Seattle Slew (1974-2002), the only undefeated horse to win the Triple Crown (1977).
I have been thinking about a paper that was published last week, that analyzed the effects of “nature versus nurture” on the development of a champion racehorse. In short, this paper found that the effects of a horse’s pedigree is minor when compared to its environment .. the combined effects of training, diet, choice of races entered, jockey skill and of course, injuries, which are unpredictable. In short, the exorbitant stud fees paid to breed a mare to a prized stallion are not an honest signal of the stallion’s genetic quality. However, upon reading this paper, I think the situation is more complicated than how the authors present it.
Evolutionary ecologists Alastair Wilson and Andrew Rambaut at the University of Edinburgh in Scotland compared the stallion nomination fees for 554 stallions currently (or recently) active at stud with the winnings and lifetime earnings of 4,476 of each stallion’s male and female ancestors that were foaled in the United Kingdom or America between 1922 and 2003. They found that environmental factors such as training, diet, strategic race entry and the skill of a horse’s jockey accounted for 91.5% of the variation in a horse’s winnings.
“It seems much more likely that people who can afford to pay high stud fees can also afford to manage and train their horses well,” observed Wilson.
According to Wilson and Rambaut’s data analysis (figure 1, below), if the predicted progeny lifetime earnings returned some portion of the breeder’s investment in the sire’s stud fee, the line would slope upwards — a line with a slope of 1 means that the offspring lifetime earnings return equalled the stallion nomination fee. However, this line is flat — actually, if you look closely, you will notice that it has a positive slope of 0.02, which corresponds to a 2-cent payback for every dollar spent for stud fees;
However, while it is true that the offspring of expensive stallions tended to win more over their lifetime, Wilson stated, genes played only a small role. In fact, the authors found that 8.5% of a racehorse’s success was due to genetics. While a genetic effect of 8.5% sounds trivial to the casual observer, genetics typically accounts for only 1-2% of survival rates in the wild where environmental conditions vary tremendously and where an individual’s survival can depend on luck as much as anything else. But because the authors deemed “success” in horse racing as being heavily dependent upon just one factor, winning races, they found that genetics plays a much bigger role in this situation.
“There are good genes out there to be bought but they don’t necessarily come with the highest price tag,” Wilson pointed out.
Thus, the authors determined that a stallion’s stud fees are not an honest signal of that horse’s genetic quality if the breeder’s objective is to maximize lifetime prize winnings.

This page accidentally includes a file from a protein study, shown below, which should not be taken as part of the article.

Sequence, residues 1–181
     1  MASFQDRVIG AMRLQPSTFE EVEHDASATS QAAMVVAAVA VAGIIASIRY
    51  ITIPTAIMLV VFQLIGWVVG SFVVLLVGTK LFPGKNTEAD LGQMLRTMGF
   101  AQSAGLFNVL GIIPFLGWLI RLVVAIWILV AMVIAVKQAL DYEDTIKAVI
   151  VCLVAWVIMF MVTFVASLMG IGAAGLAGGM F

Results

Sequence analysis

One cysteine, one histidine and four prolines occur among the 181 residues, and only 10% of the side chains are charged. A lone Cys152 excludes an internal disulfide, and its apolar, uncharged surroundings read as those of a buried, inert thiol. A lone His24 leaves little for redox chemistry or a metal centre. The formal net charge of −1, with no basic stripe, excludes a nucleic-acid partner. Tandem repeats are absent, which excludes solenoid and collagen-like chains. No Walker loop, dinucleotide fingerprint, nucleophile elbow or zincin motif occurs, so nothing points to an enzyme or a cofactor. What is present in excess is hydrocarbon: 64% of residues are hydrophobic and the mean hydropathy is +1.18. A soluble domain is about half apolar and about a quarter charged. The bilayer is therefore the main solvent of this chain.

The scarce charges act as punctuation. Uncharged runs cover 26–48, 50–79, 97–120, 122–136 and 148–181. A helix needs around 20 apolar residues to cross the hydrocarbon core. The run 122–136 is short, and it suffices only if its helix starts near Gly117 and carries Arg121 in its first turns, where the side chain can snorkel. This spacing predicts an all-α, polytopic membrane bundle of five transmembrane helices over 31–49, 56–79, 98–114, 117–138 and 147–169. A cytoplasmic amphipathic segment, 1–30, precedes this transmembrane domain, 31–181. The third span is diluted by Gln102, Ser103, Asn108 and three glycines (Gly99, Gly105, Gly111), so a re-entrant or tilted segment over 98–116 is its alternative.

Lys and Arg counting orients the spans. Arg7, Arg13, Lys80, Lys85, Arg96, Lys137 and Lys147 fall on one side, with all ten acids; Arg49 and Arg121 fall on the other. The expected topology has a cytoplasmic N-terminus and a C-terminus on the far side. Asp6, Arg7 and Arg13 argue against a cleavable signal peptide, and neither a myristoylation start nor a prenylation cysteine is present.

Even though this conclusion seems simple enough, the authors neglect to mention quite a few other factors that play a part in breeders’ stallion choices. For example; the amount for a newly retired stallion’s stud fees are determined by the group of people who purchase lifetime shares in that stallion, and this price is dependent upon the horse’s purchase price, and that, in turn, is based on his performance on the racetrack as well as his lifetime earnings and his pedigree. Thus, after a stallion has been siring offspring for five or six years, his stud fee will be adjusted so it reflects his overall quality as a sire of race horses, because several crops of his progeny have provided breeders with examples of their racing abilities. In view of this information, I’ll bet the authors will find a much tighter statistical relationship between a stallion’s nomination fees and offspring winnings if they limited their dataset to those stallions who have been at stud for at least seven years.
Another consideration is that at least a few stallions have been recognized for their genetic contributions to their daughters, moreso than to their sons. Even though fillies and mares do not typically run in races that have large prizes, their wins are an important indicator of their competitiveness and abilities. Further, mares also provide valuable genes to their offspring so, like stallions, their primary success also lies in the breeding shed. These are examples of several types of less easily analyzed information that a breeder uses when designing pairing between racehorses.
So basically, it is true that a breeder might get what he pays for — and less — when breeding his mares, it is more likely that breeders are using several criteria to make their stallion choices other than relying solely on potential progeny lifetime winnings.
This study was published last week in the Royal Society journal Biology Letters.
Alastair J. Wilson and Andrew Rambaut. 2007. Breeding racehorses: what price good genes? Biology Letters (doi:10.1098/rsbl.2007.0588). [PDF]